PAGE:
Sat, Nov 04, 2017 - Page 4 News List

Petition urges abolition of Web petition system

IMPRACTICAL?The National Development Council’s system has had 8.13 million visitors and 2,233 petitions, of which 1,257 achieved the threshold of 5,000 votes

By Jake Chung  /  Staff writer, with CNA

A petition has been filed to abolish the National Development Council’s petitioning system on the grounds that petitions are unlikely to receive government attention and few petitions are actually aimed at addressing the nation’s problems.

User Red Whale on Tuesday launched a petition to shut down the system, saying that only 81 out of 2,233 petitions were reviewed by the government and those reviews did not guarantee a result matching the original proposal.

“It is an Internet platform that is exceedingly wasteful of social resources,” Red Whale said.

Since its inception in 2015 up to Sept. 10, the system had recorded 8.13 million visitors and 2,233 petitions, of which 1,257 achieved the requisite threshold of 5,000 votes.

Of those 1,257 petitions, only 89, or 7.1 percent, were deemed relevant enough for review by the government.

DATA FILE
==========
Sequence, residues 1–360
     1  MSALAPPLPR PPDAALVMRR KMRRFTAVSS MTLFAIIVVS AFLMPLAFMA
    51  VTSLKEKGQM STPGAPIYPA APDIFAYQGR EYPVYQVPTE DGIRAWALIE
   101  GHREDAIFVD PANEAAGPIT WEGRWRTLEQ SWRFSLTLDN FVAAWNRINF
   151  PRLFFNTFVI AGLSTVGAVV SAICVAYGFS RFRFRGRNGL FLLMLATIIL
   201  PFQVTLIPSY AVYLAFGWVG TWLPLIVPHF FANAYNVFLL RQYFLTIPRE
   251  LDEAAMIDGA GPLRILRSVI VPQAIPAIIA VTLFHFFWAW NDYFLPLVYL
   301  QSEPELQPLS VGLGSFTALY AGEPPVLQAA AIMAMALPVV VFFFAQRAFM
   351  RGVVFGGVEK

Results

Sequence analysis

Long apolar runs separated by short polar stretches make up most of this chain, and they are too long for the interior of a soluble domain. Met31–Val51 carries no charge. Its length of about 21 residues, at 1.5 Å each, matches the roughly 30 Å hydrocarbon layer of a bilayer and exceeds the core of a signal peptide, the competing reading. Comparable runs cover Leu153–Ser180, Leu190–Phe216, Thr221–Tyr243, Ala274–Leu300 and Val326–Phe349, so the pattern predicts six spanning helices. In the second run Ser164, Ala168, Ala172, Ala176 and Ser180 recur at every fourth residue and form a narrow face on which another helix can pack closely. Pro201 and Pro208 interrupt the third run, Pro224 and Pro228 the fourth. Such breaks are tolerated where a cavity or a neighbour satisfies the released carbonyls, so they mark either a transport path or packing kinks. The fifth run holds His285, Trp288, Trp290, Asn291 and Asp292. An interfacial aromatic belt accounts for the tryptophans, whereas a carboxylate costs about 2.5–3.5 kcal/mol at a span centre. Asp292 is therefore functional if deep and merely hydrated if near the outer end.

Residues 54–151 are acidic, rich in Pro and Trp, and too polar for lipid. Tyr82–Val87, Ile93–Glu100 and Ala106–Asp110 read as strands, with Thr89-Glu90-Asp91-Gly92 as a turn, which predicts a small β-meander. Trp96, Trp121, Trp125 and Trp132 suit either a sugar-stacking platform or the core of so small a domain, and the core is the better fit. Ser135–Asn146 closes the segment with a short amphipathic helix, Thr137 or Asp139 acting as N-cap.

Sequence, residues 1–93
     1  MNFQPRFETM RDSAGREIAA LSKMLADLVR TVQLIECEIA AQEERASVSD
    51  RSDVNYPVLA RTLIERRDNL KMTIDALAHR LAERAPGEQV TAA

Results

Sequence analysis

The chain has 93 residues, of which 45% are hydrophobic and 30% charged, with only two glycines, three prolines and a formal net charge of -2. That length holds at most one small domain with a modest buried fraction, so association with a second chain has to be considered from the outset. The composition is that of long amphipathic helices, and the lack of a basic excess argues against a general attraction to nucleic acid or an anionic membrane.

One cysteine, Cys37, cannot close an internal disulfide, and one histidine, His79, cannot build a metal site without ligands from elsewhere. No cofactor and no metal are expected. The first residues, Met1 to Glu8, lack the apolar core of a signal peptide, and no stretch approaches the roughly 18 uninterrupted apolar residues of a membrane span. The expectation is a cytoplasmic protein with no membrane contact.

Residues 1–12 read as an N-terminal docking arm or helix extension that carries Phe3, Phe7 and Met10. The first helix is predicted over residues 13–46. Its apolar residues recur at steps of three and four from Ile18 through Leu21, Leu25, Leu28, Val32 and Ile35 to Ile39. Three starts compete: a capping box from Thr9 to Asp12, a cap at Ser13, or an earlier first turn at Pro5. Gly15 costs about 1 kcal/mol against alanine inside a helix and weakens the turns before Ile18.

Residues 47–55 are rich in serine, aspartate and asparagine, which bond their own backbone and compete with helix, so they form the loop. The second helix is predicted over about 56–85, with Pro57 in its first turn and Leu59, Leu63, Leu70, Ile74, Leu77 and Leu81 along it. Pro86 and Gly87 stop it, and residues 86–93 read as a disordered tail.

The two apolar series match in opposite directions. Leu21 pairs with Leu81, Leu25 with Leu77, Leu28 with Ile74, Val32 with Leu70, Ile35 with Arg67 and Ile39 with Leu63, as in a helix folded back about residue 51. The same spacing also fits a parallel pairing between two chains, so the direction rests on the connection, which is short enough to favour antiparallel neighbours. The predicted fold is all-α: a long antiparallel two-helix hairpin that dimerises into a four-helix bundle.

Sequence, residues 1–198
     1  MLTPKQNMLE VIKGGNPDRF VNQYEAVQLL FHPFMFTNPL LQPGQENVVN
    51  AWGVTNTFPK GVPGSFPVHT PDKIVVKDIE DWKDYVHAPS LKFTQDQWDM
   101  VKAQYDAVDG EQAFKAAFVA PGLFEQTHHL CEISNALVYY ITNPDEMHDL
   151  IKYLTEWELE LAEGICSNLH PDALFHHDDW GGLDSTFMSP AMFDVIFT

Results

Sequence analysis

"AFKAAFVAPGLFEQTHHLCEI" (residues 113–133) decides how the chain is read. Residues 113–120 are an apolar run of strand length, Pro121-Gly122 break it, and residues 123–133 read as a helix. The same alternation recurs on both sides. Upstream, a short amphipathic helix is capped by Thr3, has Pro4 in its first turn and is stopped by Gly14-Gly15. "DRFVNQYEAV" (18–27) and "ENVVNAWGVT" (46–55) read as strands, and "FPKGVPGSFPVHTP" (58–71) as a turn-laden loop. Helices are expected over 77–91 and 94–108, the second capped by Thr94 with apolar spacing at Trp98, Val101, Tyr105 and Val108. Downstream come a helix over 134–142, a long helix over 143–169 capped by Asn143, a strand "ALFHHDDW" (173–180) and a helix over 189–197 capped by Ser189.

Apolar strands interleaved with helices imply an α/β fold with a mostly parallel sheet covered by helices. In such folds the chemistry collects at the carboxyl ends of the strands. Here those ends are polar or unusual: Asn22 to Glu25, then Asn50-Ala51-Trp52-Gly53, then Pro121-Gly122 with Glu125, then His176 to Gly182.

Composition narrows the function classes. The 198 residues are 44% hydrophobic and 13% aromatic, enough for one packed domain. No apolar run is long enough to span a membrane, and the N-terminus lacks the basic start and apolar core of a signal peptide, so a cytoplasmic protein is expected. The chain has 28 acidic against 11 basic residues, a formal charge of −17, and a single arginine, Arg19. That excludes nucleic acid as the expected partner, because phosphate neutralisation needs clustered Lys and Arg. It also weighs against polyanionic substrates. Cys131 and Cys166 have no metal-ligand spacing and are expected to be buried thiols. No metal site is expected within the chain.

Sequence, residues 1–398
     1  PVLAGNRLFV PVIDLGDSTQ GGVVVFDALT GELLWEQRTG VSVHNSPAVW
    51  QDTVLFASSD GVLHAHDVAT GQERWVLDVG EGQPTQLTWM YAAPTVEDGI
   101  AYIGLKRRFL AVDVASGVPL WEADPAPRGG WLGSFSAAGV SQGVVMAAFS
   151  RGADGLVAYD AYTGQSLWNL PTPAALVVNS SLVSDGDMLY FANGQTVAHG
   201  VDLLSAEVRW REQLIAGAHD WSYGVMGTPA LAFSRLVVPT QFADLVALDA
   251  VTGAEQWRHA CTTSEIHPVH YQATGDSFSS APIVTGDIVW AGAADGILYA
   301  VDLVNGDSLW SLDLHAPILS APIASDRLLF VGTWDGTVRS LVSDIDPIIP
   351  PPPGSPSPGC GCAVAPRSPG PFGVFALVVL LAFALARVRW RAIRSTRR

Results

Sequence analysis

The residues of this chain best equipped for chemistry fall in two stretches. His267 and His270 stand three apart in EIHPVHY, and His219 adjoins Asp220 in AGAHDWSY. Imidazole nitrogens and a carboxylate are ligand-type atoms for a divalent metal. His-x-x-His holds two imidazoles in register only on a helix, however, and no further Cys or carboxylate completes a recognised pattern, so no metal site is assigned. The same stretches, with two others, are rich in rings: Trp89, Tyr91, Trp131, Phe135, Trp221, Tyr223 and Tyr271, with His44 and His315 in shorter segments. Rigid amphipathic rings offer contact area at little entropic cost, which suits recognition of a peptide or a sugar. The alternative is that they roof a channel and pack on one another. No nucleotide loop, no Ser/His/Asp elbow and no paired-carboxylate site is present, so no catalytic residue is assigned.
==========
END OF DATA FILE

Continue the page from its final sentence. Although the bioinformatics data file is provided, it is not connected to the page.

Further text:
Two petitions were lodged last week complaining that the threshold is too low and should be increased to highlight petitions that would solve the nation’s problems.

Red Whale said that the resources expended on such matters — which could easily be used for regular channels for petitions — would be better utilized dealing with more practical matters, such as health insurance, workers’ rights and “smart” transportation.

Removing the system would also prevent users’ subjective views trying to influence government policy, Red Whale said.

Red Whale also cast doubt on the credibility and fairness of the system, saying that many of the petitions that were reviewed by the government were due to repeat voting, adding that it had not been constructive in solving actual issues.

The system has attracted attention thanks to a number of high-profile petitions, including the abolition of priority seats on public transport; the installion of air-conditioners in elementary school and junior-high school classrooms; changing the nation’s time zone; and banning the national flag of the People’s Republic of China.

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